Frequently Asked Questions
Will I have a miscarriage?
When bleeding happens, it is frightening. Am I losing the baby? is bound to be the biggest fear in early pregnancy. Bleeding in early pregnancy does not usually mean miscarriage, but it can be one of the early signs that the pregnancy is not going well.
How can I tell what is going to happen?
There are two different ways to investigate bleeding in early pregnancy.
When bleeding happens very early, hormone levels can be measured and followed to help determine if things are going well. HCG and Progesterone levels can be checked in your blood, and if the level of progesterone and the increase in HCG levels is normal, your pregnancy is probably doing well. HCG levels in early pregnancy should double about every three days.
When can we see the baby on sonogram?
The pregnancy sac can be seen before the baby.
When HCG levels are greater than 1500, Dr. Daum should be able to see the sac with transvaginal sonograms. If the sac is not visible at this hormone level, the possibility of an ectopic (tubal) pregnancy must be considered. If the sac is seen in the uterus, the baby and a heartbeat should be able to be seen by about 6 1/2 weeks from the last period. Seeing the heartbeat usually means that things will be OK.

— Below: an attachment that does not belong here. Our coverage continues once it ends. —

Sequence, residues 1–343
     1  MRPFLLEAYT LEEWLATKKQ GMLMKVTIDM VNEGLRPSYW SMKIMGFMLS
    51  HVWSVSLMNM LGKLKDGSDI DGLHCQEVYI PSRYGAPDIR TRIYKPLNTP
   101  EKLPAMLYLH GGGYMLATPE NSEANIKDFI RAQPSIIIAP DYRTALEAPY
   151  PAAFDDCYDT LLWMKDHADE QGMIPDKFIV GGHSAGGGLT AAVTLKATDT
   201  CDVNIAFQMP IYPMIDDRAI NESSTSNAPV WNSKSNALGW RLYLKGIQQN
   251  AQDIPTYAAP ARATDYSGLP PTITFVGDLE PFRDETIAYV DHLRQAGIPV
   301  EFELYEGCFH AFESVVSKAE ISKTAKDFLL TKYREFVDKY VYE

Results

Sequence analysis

How will I know the danger is over?
When the baby's heartbeat is seen, everyone can breathe a little easier. Miscarriages usually happen before 10 weeks of pregnancy, and are very unusual after 12 weeks.
When bleeding happens and the heartbeat is there, more frequent sonograms may be done to make sure the baby is growing normally. When bleeding stops and the pregnancy reaches 9 to 10 weeks, usually the danger is past.
Why do miscarriages happen?
Most early miscarriages happen because something went wrong with the combination of the sperm and the egg.
The majority of first trimester miscarriages contained an abnormal number of chromosomes. Normal pregnancies have 46, but miscarried pregnancies may have 45, 47, broken chromosomes, or completely duplicated sets. Health problems and severe illness can be related to miscarriage, but are not common. Most losses are random events and not related to your feelings, stress, or physical activity.
Unless you have had multiple miscarriages in a row, your risk of miscarriage in your next pregnancy should not increase. Have faith, things should go well next time.